UNSOLICITED WORSHIP LESSONS FROM THE “FROZEN” SOUNDTRACK
If I have to listen to the “Frozen” soundtrack one more time, I might stab my eardrums with giant icicles.
It’s my daughter’s fault. That little girl is wearing me out.
Every time we get in the car, she is slowly but surely wrecking my well-manicured Spotify account. “Because you listened to the Frozen soundtrack twenty-three trillion times,” Spotify tells me, “you might also like music from the Veggie Tales, Thomas & Friends, and Caspar Babypants.”
It blows my mind that my two year-old daughter can memorize the lyrics to all those “Frozen” songs in the first place. It also blows my mind how much she wants to build a snowman. But no matter how much I try to sell her on the finer points of The Beatles or Wilco or Arcade Fire, I still hear the same request from that little voice in the backseat: “Fwozen music!”
There’s an interesting thing I’ve observed in my children. They engage with music differently than I do. Like a quality wine or dessert, I like to savor good music. I only listen to my favorite album once a year. No joke. And if I find a new jam, I’ll wear it out for a few days then throw it on my “favorites” list and forget about it. But my kids are different. They can sing the same song over and over and never get sick of it.
I never made a connection between all this and leading worship until recently, when a boy in our congregation approached me after church.
“Can we sing the ‘love never fails’ song again…you know, the one that says ‘your love never fails’ over and over?”
I was excited that anyone under the age of twenty was even paying attention during our worship services. So I said “You bet!” and we talked a little. He told me that he and his brother like to listen to that song at home.
His mom had sent me an email the week before, saying it was the first Sunday her son ever sang in church. The email was encouraging and well-timed for me. I’d been wondering if maybe our church’s worship repertoire was getting a little stale. Wondering if folks were getting bored with the same twenty or thirty songs over and over. (It’s hard to maintain objectivity on songs you’ve done seventeen billion times.) Getting that email made me wrestle with my own preferences in terms of how often we repeat songs.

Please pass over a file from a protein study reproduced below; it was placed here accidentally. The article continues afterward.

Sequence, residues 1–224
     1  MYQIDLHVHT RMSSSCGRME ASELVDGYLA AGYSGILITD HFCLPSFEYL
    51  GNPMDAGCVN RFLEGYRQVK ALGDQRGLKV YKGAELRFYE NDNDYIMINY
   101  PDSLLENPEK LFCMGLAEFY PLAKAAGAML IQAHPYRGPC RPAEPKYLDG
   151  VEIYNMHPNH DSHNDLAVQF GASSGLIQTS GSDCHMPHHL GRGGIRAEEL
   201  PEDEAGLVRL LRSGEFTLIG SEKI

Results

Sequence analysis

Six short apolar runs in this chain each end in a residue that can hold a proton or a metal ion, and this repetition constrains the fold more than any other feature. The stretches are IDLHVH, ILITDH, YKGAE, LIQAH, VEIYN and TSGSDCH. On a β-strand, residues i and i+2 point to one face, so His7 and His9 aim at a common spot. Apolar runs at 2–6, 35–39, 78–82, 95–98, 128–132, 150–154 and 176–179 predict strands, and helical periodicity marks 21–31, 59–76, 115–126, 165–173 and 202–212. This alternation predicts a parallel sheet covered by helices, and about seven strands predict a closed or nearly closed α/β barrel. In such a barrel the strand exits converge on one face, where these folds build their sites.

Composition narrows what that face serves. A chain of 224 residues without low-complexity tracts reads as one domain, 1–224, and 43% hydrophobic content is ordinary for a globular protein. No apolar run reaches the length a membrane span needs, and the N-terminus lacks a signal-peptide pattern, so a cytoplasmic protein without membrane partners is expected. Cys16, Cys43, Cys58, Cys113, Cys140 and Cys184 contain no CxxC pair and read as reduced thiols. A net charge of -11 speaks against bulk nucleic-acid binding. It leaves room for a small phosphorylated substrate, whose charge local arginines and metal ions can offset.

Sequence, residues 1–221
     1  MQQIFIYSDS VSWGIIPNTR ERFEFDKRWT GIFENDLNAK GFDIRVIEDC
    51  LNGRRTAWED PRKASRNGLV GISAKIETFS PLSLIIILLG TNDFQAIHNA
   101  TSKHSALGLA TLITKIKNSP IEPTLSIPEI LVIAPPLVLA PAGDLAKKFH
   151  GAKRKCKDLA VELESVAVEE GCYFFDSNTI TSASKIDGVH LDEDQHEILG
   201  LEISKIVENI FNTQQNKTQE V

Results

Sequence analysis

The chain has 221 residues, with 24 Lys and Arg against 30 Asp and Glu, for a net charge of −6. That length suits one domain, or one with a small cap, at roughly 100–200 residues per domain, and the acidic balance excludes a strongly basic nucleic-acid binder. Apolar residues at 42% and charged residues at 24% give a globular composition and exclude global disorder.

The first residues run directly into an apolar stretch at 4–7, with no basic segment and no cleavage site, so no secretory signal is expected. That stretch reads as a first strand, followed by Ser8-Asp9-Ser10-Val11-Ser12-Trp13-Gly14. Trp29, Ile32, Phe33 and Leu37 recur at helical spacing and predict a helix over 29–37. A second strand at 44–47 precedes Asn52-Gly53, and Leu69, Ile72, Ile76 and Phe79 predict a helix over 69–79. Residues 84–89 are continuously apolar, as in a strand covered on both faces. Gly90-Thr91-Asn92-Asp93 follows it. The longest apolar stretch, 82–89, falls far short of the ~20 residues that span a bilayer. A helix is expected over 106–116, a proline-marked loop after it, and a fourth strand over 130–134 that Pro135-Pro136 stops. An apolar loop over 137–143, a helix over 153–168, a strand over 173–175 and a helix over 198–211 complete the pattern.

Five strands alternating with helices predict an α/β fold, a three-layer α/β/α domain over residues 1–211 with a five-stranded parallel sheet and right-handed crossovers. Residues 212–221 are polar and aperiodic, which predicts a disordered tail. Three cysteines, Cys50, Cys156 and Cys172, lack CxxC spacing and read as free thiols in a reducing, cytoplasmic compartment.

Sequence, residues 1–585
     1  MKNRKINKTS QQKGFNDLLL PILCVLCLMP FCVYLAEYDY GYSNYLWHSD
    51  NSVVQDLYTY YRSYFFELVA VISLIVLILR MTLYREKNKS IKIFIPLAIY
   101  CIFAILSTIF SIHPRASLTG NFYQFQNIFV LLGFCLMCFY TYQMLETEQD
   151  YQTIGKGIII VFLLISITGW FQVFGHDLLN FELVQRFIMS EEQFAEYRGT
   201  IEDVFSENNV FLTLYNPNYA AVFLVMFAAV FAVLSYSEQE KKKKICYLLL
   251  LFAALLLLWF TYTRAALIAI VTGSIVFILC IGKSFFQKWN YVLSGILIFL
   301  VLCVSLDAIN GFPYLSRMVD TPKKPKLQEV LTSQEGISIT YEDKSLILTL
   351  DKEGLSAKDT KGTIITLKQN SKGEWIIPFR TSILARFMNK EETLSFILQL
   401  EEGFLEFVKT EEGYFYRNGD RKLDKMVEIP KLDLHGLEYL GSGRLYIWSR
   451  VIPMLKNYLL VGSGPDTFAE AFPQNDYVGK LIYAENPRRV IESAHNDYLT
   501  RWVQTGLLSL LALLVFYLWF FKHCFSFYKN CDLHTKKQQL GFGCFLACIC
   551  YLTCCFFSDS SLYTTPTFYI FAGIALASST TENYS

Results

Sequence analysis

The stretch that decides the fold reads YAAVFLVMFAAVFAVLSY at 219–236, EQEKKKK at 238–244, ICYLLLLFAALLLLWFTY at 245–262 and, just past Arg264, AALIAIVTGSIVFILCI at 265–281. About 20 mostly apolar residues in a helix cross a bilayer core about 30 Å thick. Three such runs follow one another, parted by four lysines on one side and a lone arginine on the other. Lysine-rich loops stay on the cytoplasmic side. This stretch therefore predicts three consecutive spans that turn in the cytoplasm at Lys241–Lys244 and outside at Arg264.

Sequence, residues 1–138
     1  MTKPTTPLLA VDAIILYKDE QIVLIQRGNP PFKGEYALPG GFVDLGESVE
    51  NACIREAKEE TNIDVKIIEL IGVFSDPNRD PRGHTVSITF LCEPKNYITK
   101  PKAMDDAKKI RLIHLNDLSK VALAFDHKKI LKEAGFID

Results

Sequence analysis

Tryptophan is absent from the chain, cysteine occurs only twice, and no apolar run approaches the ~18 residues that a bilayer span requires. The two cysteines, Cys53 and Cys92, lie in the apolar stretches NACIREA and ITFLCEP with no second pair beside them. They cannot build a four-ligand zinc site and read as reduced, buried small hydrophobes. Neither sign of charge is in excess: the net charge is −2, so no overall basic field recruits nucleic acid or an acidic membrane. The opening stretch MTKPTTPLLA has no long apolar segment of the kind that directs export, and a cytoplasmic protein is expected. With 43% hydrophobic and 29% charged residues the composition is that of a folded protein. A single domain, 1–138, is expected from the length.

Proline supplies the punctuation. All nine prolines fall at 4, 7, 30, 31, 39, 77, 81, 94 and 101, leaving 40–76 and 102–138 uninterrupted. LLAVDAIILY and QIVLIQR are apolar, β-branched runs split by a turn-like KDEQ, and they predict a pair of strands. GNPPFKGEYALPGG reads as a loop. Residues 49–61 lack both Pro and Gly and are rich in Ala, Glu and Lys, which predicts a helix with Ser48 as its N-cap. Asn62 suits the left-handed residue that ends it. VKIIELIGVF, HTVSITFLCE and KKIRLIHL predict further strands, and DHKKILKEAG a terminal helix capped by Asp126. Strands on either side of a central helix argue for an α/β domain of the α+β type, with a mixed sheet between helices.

My church’s mission is to “call people of all ages to be formed into the image of Jesus.” We’ve been having some discussions around the church about what that “all ages” part looks like, exactly. If we cater our worship services primarily toward adults, how does that affect our children? When we ask kids to join us in our adult-centric worship times, what does that communicate about the way we think of children’s roles within the Body of Christ?
If we’re serious about incorporating children in worship, it might significantly influence the way we structure our gatherings. Like a parent sitting through “For the First Time in Forever” for the seven-thousanth time in forever, teaching our kids the merits of communal worship will likely require some extra patience.
So how do we help children learn to worship God? Could we send out the setlists to families a week early, so that kids could hear the songs over and over before Sunday? Could we make space for and encourage our kids to be physically expressive during worship times? Could we quit expecting them to act like adults and let them express their own unique gifts?
Could we start asking our children how we can help them engage with Jesus? Who knows, they might have better ideas than we do. Just don’t be surprised if they suggest hiring and animated snowman to lead worship.
Practically speaking, how do we incorporate children into worship services in more holistic ways? I admit I have more questions than answers, but I’m interested in hearing thoughts from families, kids especially!